The Tempo Trap
Most training programs for endurance athletes include a fair number of ‘tempo’ workouts (80-90% of FTP; ‘medium-hard’). This is great for building muscular endurance, aerobic capacity, and cardiovascular efficiency. However, it’s common for athletes to spend too much time in this zone. It's understandable why: extended riding at tempo creates lingering fatigue. Motivated endurance athletes use this as a sign of effective training. What's really happening, though, is we're getting better at riding tempo pace, and most races are not won by going "medium hard" (with the exception of long-course triathlon and ultra-endurance athletes).
Enter the Burst
One way to to build race winning speed is to add short, repeated bursts (10-15 seconds) of anaerobic pedaling with steady-state work in between. The bursts create a repetitive load on the anaerobic system which is not taxed during typical steady-state workouts. The body also learn to recover from an effort without having to go all of the way down to easy pedaling. Picture a steady hill with a short, steep pitch in the middle, followed by more steady climbing beyond. So long as we're below threshold, we should be able to recover from that burst.
Who is this for?
This is beneficial for all disciplines of cycling, including triathlon. Unless you’re racing Ironman Florida (sorry, Florida), riding and racing in the real world is almost never on totally flat, consistent courses. Even long-course athletes aiming to maintain steady output face hills, wind, surges, and attacks. For short-course athletes the severity of these changes is often much higher. In off-road races (mountain bike, cyclocross), repeats of short, intense bursts of power are essential for success. Burst workouts also help steady-state athletes make training more time-efficient, taxing multiple energy systems, with less residual fatigue.
First, decide the duration of the intervals (see list below) and how long to "recover" at tempo between bursts. Typically, this time would be 2:50. If you're an advanced athlete or recover quickly, shorten to 2:20 or even 1:50. If you choose 2:50, perform a burst every time the stopwatch reaches a multiple of 3 minutes: (2:50 tempo + :10s burst = 3:00). Maintain that pattern until the interval duration is reached. In a 15-minute interval, you would repeat five 3-minute cycles. Between interval blocks, recover by pedaling easy for 5-7 minutes.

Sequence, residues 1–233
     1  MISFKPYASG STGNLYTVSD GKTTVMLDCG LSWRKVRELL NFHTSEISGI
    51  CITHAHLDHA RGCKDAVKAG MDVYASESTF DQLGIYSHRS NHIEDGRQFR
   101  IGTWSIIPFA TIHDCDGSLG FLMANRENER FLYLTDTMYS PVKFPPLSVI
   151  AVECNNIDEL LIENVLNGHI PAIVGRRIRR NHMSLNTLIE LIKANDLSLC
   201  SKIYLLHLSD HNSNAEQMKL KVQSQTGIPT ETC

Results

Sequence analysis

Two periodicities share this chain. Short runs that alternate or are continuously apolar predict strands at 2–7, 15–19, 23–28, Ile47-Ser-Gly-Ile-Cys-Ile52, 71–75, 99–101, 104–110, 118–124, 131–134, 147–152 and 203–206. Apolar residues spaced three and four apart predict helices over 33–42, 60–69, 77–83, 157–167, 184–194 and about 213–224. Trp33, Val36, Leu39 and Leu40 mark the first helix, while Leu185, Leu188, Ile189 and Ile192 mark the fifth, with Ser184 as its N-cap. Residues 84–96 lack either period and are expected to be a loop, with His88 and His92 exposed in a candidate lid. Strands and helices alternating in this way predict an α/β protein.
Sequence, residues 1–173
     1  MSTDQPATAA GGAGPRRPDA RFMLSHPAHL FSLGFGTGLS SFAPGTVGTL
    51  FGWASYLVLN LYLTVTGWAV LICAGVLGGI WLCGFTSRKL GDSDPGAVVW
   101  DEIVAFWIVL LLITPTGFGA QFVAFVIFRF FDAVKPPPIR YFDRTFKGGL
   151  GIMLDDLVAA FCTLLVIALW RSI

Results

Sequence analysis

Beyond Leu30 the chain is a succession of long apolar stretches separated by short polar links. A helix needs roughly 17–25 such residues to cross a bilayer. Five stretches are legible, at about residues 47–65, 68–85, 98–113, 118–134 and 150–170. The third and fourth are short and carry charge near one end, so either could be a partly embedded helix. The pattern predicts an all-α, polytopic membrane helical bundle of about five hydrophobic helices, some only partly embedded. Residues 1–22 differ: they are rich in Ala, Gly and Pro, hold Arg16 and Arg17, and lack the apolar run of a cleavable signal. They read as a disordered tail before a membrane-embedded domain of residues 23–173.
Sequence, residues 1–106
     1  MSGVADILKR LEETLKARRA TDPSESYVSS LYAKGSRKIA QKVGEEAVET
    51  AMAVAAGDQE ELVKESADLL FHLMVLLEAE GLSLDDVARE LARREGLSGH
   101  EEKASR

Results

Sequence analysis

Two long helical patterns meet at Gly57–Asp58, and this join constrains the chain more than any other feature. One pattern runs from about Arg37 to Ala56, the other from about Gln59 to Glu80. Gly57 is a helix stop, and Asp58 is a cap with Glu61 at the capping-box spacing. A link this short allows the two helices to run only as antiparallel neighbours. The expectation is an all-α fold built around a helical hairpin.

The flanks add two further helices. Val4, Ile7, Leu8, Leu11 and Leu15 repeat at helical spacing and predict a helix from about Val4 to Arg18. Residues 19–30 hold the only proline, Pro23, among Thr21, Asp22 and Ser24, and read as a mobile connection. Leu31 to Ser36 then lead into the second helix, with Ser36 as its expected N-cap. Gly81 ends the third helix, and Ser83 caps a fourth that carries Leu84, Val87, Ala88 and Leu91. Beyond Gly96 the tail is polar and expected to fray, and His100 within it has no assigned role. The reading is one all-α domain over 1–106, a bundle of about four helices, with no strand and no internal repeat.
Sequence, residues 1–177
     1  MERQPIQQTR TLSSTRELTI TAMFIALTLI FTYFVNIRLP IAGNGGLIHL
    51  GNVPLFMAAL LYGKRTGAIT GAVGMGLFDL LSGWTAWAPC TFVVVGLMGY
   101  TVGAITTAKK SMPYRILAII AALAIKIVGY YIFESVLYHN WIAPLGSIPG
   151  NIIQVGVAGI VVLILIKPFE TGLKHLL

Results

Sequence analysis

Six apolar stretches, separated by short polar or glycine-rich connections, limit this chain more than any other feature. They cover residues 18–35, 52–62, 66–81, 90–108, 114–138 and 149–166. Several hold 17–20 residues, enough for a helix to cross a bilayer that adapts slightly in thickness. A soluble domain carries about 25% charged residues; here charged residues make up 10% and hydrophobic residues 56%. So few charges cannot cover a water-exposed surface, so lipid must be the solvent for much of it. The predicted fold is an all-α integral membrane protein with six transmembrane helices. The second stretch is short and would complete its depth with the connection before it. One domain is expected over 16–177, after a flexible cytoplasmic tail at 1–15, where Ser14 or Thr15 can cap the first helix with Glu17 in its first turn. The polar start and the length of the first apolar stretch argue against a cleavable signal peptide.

Choose one line to use as a workout. They get progressively harder down the list.
Each time you do this workout, challenge yourself by increasing the total interval time.
18 minutes: 3 x 6 minutes
20 minutes: 2 x 10'
30 minutes: 3 x 10'
30 minutes: 2 x 15'
40 minutes: 2 x 20'
40 minutes: 1 x 40'
45 minutes: 3 x 15'
50 minutes: 2 x 25'
60 minutes: 3 x 20'
60 minutes: 2 x 30'
60 minutes: 1 x 60'
● 10-15 minute warmup
● Intervals w/ duration from above list
○ ___ Minute - ride steady tempo (80-90% TP).
○ 10-15 second burst every - 2-3 minutes.
○ Repeat until interval duration is reached
○ 5-7 minute recovery between (easy spinning)
● 10 minute cooldown - Easy spinning after last interval.
Data from this workout completed by an elite off -road racer on inside ride e-motion rollers. A full hour of tempo with bursts every two minutes, for a total of 30 bursts! Notice how the heart rate (red) jumps with every burst but recovers almost completely when the athlete returns to tempo power (pink).
Example workout - 2 x 20 minute tempo with bursts every 3 minutes. This makes for a total of 12 bursts and a total workout time of 1 hour 10 minutes, including warm-up and cooldown time
This article was written for the blog at Inside Ride Rollers, makers of the finest rollers on the market. If you're interested in purchasing a set, contact me for a discount code.